How Shameless Showrunner John Wells Really Felt About The Finale

The Showtime series "Shameless" became a major hit for the channel over the course of its 11 seasons. Developed by John Wells, who has previously worked on shows such as "Third Watch" and "Southland," the show was an adaptation of a British Channel 4 series of the same name and focused on the Gallagher family from the South Side of Chicago.

The show featured an ensemble cast that was led by Emmy Rossum and William H. Macy until Rossum departed in the show's ninth season. Other cast members included Emma Kenney, Cameron Monaghan, Jeremy Allen White, and Joan Cusack.

The show's ending was bittersweet for many of the fans of the series, and many weren't sure what kind of ending was in store. With the shadow of the British predecessor also looming over the show, Wells recently revealed his thoughts on how the show wrapped up. Here's how Wells really feels about the "Shameless" finale.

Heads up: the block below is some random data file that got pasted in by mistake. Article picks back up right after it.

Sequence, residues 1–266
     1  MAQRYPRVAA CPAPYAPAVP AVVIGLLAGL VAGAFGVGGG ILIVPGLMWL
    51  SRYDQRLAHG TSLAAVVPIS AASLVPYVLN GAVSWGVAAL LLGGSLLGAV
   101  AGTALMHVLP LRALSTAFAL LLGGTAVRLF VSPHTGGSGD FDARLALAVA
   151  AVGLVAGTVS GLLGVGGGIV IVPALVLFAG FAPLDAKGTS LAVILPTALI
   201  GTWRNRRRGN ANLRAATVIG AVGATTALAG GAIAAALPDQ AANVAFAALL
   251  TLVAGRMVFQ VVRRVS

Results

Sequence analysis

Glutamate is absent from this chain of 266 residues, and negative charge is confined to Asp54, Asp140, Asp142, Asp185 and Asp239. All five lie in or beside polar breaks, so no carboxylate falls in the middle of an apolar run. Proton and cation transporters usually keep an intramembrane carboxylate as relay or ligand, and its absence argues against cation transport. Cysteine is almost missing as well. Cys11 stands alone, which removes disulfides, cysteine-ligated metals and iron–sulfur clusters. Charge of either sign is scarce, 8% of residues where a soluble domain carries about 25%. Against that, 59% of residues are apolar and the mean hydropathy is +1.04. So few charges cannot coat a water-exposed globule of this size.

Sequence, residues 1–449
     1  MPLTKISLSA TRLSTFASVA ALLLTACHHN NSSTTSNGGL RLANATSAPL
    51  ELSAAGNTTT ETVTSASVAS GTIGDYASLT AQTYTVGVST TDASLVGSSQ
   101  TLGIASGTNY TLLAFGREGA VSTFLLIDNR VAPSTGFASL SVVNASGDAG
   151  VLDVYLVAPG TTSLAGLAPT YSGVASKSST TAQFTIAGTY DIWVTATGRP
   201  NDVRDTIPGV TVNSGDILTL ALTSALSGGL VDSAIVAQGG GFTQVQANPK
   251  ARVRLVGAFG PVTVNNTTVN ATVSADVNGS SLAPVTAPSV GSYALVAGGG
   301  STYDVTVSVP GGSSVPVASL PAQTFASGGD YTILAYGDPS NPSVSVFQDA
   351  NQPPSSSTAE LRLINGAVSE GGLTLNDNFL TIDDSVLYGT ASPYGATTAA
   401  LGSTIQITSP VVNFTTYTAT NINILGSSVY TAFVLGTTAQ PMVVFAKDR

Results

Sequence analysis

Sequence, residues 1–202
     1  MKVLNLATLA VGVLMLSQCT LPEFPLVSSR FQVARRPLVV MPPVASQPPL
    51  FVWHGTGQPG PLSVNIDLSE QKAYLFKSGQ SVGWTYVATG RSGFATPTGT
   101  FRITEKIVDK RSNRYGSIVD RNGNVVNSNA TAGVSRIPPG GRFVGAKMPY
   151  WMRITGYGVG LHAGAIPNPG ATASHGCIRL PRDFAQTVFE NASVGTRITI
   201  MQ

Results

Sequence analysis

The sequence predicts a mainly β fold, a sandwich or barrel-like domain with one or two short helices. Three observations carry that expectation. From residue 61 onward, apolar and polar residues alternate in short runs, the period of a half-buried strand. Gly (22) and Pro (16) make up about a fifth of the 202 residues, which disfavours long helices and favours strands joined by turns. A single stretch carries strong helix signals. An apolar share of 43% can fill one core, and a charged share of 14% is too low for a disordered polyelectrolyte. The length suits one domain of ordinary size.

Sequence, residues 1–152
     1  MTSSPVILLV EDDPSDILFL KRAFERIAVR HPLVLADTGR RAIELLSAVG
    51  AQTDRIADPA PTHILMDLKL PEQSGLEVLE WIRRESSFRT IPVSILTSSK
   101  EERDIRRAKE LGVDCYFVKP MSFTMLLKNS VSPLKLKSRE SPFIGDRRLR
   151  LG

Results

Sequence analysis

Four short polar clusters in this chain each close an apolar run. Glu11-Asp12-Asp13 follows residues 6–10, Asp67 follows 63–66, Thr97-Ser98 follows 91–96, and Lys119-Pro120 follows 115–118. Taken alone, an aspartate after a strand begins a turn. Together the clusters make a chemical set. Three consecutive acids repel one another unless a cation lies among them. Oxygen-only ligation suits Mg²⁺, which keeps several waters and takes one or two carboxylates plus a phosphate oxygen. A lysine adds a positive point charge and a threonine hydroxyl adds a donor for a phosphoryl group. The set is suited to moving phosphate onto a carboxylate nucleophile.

Wells drew inspiration from other shows he had worked on for this finale

In an interview with The Hollywood Reporter, showrunner John Wells spoke about the way the show ended. His intention for the ending was for it to always be open-ended, to give the sense that the lives of the characters go on, even though the show itself ends.

"I've been pretty fortunate to do a number of longer-running series and, as a fan, I always appreciate things not being wrapped up," Wells said in the interview, adding, "I want to think what I want to think about the characters, where they end up and what happens with them and have the audience have those conversations with others over drinks. I think that's more fun, personally."

Wells went on to cite the influence of two major shows when explaining his decision to leave the resolution of the characters up to the viewers.

"It's the same reason that at the end of 'ER' we walked away from the hospital in the middle of a shift, and at the end of 'The West Wing' Santos (Jimmy Smits) had just gone into the White House and Bartlet (Martin Sheen) was headed home." Wells said, citing two series he had previously worked on, both of which were on NBC and ran for 15 seasons and 7 seasons, respectively.

"We didn't try and solve anything. Their lives continue. Many wonderful novels end and you're still thinking about the characters and what they do. And that makes me feel good as a viewer and a reader," Wells added.